We next tested the full reversibility of IL-7R transgene expression. Groups of F5 TreIL-7R mice were taken off their doxcontaining diet (F5 TreIL-7ROFF) while controls were maintained on dox food. Four weeks later, thymus and spleen were examined. In the absence of dox, thymi atrophied and displayed a developmental block similar to that of F5 Il7r/ controls (Figures 1A and 2A). Analysis of spleen from F5 TreIL-7ROFF mice revealed a marked reduction in F5 T-cell frequencies (Figure 2B) and numbers, containing less than 1.9 × 106 (± 1.3 × 105) T cells compared with more than 12 × 106 (± 3 × 104) in dox-fed controls, consistent with the importance of IL-7R expression for naive T-cell survival.10,20 Examination of IL-7R expression by T cells from F5 TreIL-7R mice revealed that, in contrast to the high expression observed in thymus (Figure 1E), transgene expression by peripheral F5 T cells was much lower (Figure 2C). This appears to be a feature of some Tet-inducible transgenes20,21 and may be a particular issue for proteins that have a naturally high turnover. Nevertheless, expression was found to be functional in vitro and only in the presence of continued dox (Figure S1, available on the Blood website; see the Supplemental Figures link at the top of the online article). Therefore, the conditional expression of IL-7R in this inducible transgenic model does successfully overcome the problems of the F5 Il7r/ parent strain, because we can generate IL-7R–deficient F5 T cells whose thymic development is still IL-7R expression dependent and that reside in a more normal lymphoreplete peripheral T-cell compartment.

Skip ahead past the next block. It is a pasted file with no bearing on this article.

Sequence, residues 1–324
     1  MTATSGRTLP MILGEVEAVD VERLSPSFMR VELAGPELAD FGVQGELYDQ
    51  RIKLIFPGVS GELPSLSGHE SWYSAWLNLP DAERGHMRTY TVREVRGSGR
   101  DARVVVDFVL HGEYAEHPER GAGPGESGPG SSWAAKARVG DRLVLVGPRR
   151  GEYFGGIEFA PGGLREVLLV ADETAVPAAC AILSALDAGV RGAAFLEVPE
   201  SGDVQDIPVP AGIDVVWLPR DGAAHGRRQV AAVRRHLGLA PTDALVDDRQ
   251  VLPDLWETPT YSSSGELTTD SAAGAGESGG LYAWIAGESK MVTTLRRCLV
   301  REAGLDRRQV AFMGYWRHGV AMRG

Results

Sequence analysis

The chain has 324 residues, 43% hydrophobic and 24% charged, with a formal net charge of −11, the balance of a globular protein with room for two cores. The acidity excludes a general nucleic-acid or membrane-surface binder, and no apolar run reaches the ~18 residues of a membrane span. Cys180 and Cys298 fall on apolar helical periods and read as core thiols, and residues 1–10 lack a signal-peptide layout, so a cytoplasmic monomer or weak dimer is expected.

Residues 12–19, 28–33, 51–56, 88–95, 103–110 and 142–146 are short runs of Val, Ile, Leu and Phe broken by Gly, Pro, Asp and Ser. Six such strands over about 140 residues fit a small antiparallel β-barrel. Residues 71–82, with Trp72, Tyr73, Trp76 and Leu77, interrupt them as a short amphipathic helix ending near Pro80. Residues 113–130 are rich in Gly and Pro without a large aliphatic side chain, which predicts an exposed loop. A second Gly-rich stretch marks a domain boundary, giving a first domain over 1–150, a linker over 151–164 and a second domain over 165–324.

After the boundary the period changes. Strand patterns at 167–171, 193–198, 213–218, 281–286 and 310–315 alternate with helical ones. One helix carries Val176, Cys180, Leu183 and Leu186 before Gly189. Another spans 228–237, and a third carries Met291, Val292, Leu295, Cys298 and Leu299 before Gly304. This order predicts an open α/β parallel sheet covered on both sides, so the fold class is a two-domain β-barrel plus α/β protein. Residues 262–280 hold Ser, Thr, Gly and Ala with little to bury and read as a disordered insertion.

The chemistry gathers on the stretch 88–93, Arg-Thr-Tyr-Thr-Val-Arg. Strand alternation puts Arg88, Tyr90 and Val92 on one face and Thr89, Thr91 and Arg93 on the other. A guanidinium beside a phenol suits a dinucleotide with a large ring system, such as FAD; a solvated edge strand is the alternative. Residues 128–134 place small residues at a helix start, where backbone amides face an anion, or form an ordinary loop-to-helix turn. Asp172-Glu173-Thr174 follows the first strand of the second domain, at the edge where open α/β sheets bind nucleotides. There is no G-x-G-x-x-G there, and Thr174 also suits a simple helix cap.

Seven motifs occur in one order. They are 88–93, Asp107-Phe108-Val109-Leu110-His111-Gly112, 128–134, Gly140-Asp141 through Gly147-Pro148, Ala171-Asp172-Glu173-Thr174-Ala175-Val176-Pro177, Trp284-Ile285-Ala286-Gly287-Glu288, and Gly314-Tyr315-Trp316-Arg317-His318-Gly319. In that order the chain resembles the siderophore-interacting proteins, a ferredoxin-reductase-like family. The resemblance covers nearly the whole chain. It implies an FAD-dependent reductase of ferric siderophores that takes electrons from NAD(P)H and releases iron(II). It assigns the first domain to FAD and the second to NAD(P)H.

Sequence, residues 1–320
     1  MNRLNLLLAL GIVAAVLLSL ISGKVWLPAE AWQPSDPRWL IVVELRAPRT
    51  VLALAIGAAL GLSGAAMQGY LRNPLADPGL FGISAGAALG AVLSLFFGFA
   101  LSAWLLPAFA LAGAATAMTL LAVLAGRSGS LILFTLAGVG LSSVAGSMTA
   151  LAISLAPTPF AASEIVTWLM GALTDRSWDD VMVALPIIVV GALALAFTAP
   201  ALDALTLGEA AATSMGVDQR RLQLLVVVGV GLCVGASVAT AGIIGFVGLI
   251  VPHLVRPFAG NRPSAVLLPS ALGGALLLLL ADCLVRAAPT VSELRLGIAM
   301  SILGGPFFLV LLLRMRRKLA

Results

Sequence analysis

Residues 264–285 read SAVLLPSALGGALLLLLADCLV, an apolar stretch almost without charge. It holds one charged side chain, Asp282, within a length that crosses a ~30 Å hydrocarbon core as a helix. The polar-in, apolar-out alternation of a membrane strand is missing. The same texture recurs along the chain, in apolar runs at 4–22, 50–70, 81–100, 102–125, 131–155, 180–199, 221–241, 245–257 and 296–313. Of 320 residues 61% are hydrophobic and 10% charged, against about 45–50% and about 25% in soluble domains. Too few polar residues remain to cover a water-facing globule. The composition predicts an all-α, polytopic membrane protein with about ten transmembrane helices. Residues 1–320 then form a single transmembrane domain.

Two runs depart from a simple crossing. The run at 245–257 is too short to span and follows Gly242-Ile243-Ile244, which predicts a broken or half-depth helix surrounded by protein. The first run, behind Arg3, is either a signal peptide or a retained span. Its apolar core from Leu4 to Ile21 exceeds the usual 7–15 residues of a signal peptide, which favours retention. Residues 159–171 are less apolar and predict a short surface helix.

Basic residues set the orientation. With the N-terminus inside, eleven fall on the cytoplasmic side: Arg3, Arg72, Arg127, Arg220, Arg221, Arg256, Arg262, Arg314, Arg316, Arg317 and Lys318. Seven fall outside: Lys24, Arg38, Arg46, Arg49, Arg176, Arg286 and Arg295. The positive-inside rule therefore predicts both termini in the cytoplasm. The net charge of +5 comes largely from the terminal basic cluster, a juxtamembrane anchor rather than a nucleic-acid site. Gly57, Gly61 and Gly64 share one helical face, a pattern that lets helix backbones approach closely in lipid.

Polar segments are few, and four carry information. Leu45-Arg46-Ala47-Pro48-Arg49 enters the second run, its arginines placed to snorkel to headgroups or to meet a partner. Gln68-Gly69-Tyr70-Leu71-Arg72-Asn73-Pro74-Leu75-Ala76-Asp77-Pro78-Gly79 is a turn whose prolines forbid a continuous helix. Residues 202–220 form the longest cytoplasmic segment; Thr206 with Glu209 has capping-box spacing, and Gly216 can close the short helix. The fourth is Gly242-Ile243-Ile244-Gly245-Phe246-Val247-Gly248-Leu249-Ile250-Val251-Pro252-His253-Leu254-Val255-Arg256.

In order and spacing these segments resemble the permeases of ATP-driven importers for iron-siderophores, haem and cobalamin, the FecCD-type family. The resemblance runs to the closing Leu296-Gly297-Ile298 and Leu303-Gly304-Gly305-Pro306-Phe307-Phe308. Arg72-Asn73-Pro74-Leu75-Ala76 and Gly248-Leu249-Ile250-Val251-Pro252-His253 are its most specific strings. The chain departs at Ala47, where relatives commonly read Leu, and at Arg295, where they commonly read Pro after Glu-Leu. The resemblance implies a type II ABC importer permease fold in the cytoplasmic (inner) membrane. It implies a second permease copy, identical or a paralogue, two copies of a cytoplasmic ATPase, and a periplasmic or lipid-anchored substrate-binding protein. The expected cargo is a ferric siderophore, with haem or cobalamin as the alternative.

Figure 1.

TreIL-7R expression restores thymic development in F5 Il7r/ mice. Single-cell suspensions were prepared from thymus and spleen of 6-week-old F5 control, F5 Il7r–/–, and dox-fed F5 TreIL-7R mice. (A) Dot plots show CD4 versus CD8 expression in the thymus for representative mice of the indicated strain. (B) The bar chart shows total thymocyte (□) and CD8 SP thymocyte (▦) cell numbers of mice from panel A. (C) Dot plots show TCR versus CD8 expression by splenocytes from the corresponding mice in panel A. (D) The bar chart shows total spleen (□) and CD8+TCRhi (▦) cell numbers. (E) The histograms show IL-7R expression by CD4+CD8+ SP (broken line) and CD4CD8+ DP (solid line) thymocytes from F5 TreIL-7R mice and CD4+CD8+ DP thymocytes from control F5 mice (gray fill) as negative control, because DP thymocytes are known not to express IL-7R. Data are representative of 3 or more independent experiments.

Figure 2.

Reversible expression and function of the TreIL-7R transgene in F5 TreIL-7R mice. Groups of 6-week-old F5 TreIL-7R mice (n = 4) were taken off or maintained on dox food for 4 weeks, after which the phenotype of thymus and spleen was analyzed by FACS. Dot plots show CD4 versus CD8 expression in thymus (A) and TCR versus CD8 expression in spleen (B) of control F5, dox-fed, and dox-free F5 TreIL-7R mice. (C) Histograms show IL-7R expression by CD8+TCRhi splenocytes from F5 controls (broken line), dox-fed F5 TreIL-7R mice (solid line), and dox-free F5 TreIL-7R mice (gray fill). Data are representative of at least 2 independent experiments.